Posted in Restaurant Hopping, Sweets for the Sweet

In Which the Desserts Were Divinely Decadent…

You'd be mad to say no.
You’d be mad to say no.

This is what happens when you end a lovely meal, but feel the need for something sweet with which to finish it properly: you ask for the menu, you pore over it with your dining companions, then pick something that you could all share.  Under ordinary circumstances, you’d be torn between getting something light but toothsomely sweet.  However, if you had to wait for a table for the better part of nearly two hours and it’s already pushing half-past nine in the evening, best to make the most out of things and pick out the two most tempting confections amongst the dessert offerings.

At Cafe Mary Grace, there is no shortage of such sugary glories.  You have the classic ensaimadas, those buttery coils of brioche dough, smothered with cream, sugar, and a snowfall of cheese.  There are cheese rolls: something like abbreviated ensaimadas, but every bit as rich and as gloriously calorific.  And there are the cakes: oh, and such cakes!

Caramel Vanilla Bean Cake
Caramel Vanilla Bean Cake

The caramel-vanilla bean cake is a fluffy treat that was introduced as a Mother’s Day special for this year.  Here, layers of soft vanilla bean-speckled chiffon cake\ are layered with luscious ribbons of a house-made dulce de leche which, surprisingly, isn’t too sweet.  The flavours are beautifully balanced and the lush vanilla bean buttercream that covers the whole thing brings all the elements together into a deliciously rich yet surprisingly light dessert.  A cup of milky English Breakfast or, just to add a citrusy counterpoint, a lemony Earl Grey would not come amiss with this.

Share my chocolate cake?!?  Are you mad?!?!
Share my chocolate cake?!? Are you mad?!?!

The second dessert was a rather plain-looking slab of chocolate cake.  But what it lacked in looks, it certainly more than made up for in taste and texture!

If, like me, you grew up during the 1980s/1990s, you’re probably familiar with the lush chocolate-caramel cake from the now defunct Kookie Monster Bakeshop.  Mary Grace’s spin on chocolate cake will certainly bring back happy, glowing memories for you: a dense, gloriously moist chocolate cake; its layers sandwiched with a gooey, rich, absolutely gorgeous and golden caramel filling; the whole cake smothered to the gills with an almost-chewy textured chocolate fudge frosting.  The utterly rich chocolate cake melts in your mouth quite sensually, pleasantly unctuous and gorgeously bittersweet.  The frosting and the filling make it even more so.

If, like some of my friends, you’re a fan of Besotted, that song by The Desert Wolves, you may recall that there’s a line in the song about sharing one’s chocolate cake.  Seriously, if it were this cake, you’d be hard-pressed to share and may be tempted into wanting it all for yourself.  Indeed, my brother and I agree that it’s the sort of cake that deserves a round of applause once you’ve wolfed down every last crumb; yes, it is that good.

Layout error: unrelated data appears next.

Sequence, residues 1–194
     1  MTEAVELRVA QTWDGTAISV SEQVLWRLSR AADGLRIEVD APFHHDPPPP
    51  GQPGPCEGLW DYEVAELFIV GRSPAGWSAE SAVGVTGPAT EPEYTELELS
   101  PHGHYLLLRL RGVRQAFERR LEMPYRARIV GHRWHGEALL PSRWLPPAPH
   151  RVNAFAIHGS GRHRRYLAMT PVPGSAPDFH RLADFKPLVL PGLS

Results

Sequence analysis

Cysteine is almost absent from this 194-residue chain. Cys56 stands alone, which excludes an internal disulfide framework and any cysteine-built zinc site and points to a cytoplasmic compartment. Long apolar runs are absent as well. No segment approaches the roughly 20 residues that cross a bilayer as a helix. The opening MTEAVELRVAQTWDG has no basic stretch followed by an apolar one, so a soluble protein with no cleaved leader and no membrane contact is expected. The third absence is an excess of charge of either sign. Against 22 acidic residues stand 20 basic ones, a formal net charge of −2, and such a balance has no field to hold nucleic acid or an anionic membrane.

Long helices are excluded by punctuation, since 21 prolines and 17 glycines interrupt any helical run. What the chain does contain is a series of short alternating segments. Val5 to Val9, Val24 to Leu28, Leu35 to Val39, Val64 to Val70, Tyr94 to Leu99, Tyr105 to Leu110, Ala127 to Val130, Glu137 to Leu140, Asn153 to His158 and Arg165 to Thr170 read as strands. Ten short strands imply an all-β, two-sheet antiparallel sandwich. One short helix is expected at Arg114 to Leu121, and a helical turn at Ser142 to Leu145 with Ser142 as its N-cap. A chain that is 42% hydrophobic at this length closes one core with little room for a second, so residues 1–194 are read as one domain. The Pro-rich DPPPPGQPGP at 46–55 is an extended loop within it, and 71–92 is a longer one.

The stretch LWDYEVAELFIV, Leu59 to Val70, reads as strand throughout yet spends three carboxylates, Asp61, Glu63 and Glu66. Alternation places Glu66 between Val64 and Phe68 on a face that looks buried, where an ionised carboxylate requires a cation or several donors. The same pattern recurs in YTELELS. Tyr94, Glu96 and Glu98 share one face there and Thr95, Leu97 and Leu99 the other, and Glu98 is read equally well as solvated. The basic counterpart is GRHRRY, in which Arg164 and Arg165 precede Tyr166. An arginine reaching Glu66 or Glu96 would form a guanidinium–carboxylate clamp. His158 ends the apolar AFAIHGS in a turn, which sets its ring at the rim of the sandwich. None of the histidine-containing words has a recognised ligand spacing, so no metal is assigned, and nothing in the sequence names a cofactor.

Black Velvet
Black Velvet

There is actually a variation on two themes on the dessert menu, a hybrid of sorts between the chocolate cake and a standard-issue red velvet called a black velvet.  Here, the dense chocolate cake is frosted and filled with a tangy, somewhat lemony cream-cheese icing and dolloped with a border of chocolate ganache.

One bite will mess with your head and make you think you were eating a decadent sort of chocolate candy bar rather than plain cake: lush, a little chewy, bittersweet, with an appealing tang.


And, of course, any chocolate cake demands to be eaten with a milky mug of coffee.  Whether it’s a latte, a macchiato, or even an old-school cappuccino, it’s a fantastic combination and a spectacular end to one’s meal.



Midge started her career in PR writing at seventeen when she began drafting documentaries for a government-run television station in the Philippines. Since then, she made a career in advertising and public relations which ended in June 2016 These days, she works full time at Philippine Tatler as a features writer under the nom de guerre Marga Manlapig. Aside from what she does for a living and her poetry, she has turned her home kitchen into a personal culinary lab and is currently working on another novel. Follow her on Instagram at @midgekmanlapig.

One thought on “In Which the Desserts Were Divinely Decadent…

  1. I’m fascinated by the sound of the ensaimadas that you’re describing. We had them in Mallorca but they were quite different. Very light and airy and coiled but not brioche. I wonder if there are other versions? We loved them so much! 😀

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